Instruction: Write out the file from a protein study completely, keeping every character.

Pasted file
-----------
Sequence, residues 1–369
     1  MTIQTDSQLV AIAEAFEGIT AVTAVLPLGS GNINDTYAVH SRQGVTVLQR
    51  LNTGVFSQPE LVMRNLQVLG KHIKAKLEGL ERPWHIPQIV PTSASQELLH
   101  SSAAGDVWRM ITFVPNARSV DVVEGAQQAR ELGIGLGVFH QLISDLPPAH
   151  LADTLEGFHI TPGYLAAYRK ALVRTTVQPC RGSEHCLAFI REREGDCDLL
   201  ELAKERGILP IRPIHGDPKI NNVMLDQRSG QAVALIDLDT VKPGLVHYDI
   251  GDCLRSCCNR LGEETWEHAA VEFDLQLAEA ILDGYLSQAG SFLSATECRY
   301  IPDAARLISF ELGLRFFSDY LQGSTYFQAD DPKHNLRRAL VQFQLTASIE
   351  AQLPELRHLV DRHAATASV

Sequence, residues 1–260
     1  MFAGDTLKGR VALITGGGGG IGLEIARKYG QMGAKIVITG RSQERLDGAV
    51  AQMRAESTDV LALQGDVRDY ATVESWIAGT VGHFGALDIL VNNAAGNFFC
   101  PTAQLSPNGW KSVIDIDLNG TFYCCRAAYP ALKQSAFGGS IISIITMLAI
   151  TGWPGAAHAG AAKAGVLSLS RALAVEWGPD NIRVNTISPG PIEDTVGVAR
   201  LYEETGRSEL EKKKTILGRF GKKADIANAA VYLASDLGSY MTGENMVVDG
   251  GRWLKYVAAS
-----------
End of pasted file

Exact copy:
Sequence, residues 1–369
     1  MTIQTDSQLV AIAEAFEGIT AVTAVLPLGS GNINDTYAVH SRQGVTVLQR
    51  LNTGVFSQPE LVMRNLQVLG KHIKAKLEGL ERPWHIPQIV PTSASQELLH
   101  SSAAGDVWRM ITFVPNARSV DVVEGAQQAR ELGIGLGVFH QLISDLPPAH
   151  LADTLEGFHI TPGYLAAYRK ALVRTTVQPC RGSEHCLAFI REREGDCDLL
   201  ELAKERGILP IRPIHGDPKI NNVMLDQRSG QAVALIDLDT VKPGLVHYDI
   251  GDCLRSCCNR LGEETWEHAA VEFDLQLAEA ILDGYLSQAG SFLSATECRY
   301  IPDAARLISF ELGLRFFSDY LQGSTYFQAD DPKHNLRRAL VQFQLTASIE
   351  AQLPELRHLV DRHAATASV

Sequence, residues 1–260
     1  MFAGDTLKGR VALITGGGGG IGLEIARKYG QMGAKIVITG RSQERLDGAV
    51  AQMRAESTDV LALQGDVRDY ATVESWIAGT VGHFGALDIL VNNAAGNFFC
   101  PTAQLSPNGW KSVIDIDLNG TFYCCRAAYP ALKQSAFGGS IISIITMLAI
   151  TGWPGAAHAG AAKAGVLSLS RALAVEWGPD NIRVNTISPG PIEDTVGVAR
   201  LYEETGRSEL EKKKTILGRF GKKADIANAA VYLASDLGSY MTGENMVVDG
   251  GRWLKYVAAS